Violence Against Women and Girls

COVID - 19

We know that COVID-19 will have serious impacts on the lives of women and children, many of whom are feeling unsafe with the prospect of being isolated in the house with their perpetrator. We want to reassure survivors that our local specialist services are still providing support during this challenging time.  To protect the safety and health of those accessing support and staff, most services are limited in the provision of face to face support however, telephone support and in some cases on line support remain available. 

Information about domestic abuse services in Newcastle and nationally can be found here, along with sources of information and support for practitioners:

Newcastle and national domestic abuse services

COVID 19 Advice for victims and survivors of domestic abuse can be found at the following links:

Womens Aid advice for survivors

Safe Lives advice for survivors

What we do

What you can do

The United Nations defines violence against women and girls (VAWG) as

“any act of gender-based violence that results in, or is likely to result in, physical, sexual or psychological harm or suffering to women, including threats of such acts, coercion or arbitrary deprivation of liberty, whether occurring in public or in private life” (General Assembly Resolution 48/104 Declaration on the Elimination of Violence against Women, 1993).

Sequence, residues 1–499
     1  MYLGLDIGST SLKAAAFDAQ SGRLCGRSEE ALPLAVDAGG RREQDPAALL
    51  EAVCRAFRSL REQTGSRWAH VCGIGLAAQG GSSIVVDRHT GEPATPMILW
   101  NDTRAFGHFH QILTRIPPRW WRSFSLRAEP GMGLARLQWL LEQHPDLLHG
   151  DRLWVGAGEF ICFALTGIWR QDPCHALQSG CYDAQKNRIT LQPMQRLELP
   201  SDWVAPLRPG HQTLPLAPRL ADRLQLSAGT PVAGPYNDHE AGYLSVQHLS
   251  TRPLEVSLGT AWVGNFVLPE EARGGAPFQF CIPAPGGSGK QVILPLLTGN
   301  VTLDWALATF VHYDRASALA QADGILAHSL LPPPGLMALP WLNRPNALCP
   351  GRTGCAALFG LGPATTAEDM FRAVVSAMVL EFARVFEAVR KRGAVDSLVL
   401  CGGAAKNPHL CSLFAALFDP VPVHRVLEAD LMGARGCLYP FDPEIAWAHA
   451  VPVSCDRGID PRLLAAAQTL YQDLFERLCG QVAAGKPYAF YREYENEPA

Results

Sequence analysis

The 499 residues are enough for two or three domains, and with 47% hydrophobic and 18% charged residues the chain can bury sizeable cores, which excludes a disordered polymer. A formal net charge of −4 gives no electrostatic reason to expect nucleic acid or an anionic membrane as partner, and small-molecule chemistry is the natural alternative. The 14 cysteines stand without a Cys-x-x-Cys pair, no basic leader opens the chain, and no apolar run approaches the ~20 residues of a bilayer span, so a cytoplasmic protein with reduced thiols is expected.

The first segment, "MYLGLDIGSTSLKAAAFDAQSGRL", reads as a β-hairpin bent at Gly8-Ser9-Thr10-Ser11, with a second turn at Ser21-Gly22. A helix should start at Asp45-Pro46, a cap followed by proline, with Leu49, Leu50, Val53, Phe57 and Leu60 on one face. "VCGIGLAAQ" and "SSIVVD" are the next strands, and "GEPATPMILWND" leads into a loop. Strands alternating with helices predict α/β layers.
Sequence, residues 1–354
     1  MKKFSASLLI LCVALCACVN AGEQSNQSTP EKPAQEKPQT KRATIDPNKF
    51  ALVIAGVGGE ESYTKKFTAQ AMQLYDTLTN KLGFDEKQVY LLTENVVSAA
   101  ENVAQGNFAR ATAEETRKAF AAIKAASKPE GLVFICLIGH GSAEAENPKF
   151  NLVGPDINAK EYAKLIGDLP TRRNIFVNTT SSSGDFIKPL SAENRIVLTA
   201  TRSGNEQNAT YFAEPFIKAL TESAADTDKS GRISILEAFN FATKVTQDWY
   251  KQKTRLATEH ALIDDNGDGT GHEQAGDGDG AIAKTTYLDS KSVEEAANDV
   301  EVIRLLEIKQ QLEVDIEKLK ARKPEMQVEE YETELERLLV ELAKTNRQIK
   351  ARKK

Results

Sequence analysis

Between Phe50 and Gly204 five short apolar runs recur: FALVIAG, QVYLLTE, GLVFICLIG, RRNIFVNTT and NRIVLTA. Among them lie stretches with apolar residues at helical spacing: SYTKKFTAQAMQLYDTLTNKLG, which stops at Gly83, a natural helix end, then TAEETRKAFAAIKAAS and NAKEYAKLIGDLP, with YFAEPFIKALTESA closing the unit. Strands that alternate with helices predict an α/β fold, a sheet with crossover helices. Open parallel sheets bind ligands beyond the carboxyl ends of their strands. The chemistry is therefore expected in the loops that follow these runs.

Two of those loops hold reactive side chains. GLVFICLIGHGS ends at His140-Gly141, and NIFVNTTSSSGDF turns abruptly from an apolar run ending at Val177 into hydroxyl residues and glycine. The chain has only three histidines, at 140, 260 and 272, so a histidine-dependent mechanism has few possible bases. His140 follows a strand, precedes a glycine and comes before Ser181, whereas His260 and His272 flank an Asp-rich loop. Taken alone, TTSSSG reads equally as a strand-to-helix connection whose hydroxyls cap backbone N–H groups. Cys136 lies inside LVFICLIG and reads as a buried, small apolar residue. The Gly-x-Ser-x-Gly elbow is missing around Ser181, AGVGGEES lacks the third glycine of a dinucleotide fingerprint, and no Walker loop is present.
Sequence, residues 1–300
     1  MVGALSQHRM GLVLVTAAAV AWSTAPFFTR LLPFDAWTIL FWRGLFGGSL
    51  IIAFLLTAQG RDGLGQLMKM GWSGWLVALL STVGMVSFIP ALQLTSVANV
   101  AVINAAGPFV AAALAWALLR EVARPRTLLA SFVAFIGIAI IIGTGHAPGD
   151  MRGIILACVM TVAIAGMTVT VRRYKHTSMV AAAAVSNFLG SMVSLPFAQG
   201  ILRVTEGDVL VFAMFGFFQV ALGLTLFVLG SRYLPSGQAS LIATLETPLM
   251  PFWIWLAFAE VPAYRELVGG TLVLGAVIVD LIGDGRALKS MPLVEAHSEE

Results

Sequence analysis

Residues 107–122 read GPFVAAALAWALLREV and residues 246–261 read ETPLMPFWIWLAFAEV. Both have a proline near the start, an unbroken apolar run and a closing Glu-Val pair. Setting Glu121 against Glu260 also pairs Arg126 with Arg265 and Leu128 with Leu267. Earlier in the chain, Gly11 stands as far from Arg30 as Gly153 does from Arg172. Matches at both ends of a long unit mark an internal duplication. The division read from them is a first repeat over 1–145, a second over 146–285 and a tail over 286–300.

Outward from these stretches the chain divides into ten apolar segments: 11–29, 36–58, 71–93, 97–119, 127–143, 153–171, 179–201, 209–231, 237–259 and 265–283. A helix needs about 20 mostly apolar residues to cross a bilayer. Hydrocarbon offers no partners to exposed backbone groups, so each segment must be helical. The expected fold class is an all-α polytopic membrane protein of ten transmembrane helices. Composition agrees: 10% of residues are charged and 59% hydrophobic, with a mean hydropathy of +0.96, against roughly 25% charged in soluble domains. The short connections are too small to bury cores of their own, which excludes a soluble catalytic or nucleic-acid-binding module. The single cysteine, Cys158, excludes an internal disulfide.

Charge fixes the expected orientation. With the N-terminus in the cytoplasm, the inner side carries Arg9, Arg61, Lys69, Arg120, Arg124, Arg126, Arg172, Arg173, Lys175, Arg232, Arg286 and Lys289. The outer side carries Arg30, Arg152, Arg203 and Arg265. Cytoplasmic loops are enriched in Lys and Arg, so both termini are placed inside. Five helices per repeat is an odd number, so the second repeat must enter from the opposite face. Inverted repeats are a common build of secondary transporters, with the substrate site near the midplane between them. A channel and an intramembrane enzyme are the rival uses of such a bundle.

Violence against women and girls includes:

  • Domestic violence and abuse,
  • sexual violence,
  • rape,
  • forced marriage,
  • so called ‘honour based abuse”
  • sexual exploitation
  • emale genital mutilation

Why is this a priority?

Violence against women and girls (VAWG) is human rights violation, and is rooted in gendered social structures rather than individual and random acts.

VAWG impacts women and girls of all ages, from all walks of life, regardless of their level of education, income, where they live or their sexuality. It is a major obstacle to ending gender inequality and discrimination globally.

Men and Boys

Boys and men do experience gender-based violence;

  • they can be in an abusive relationship,
  • experience domestic violence,
  • be sexually harassed,
  • bullied because of their sexuality,
  • forced to marry,
  • be sexually exploited,
  • raped or sexually abused,
  • socialised to bully, or have negative notions of masculinity.


Regardless of gender, all victims still have to confront many obstacles that may stop them reporting a crime and supporting a prosecution.

Together, boys and girls, women and men must work in partnership to protect women’s and girl’s rights and prevent and eliminate violence against women and girls because in tackling violence against women and girls, we are also tackling similar violence against men and boys.

What you can do

Report and Support

In an emergency, or if you or someone else is in immediate danger phone 999

For help and advice:

Newcastle and national domestic abuse services

Other Downloads: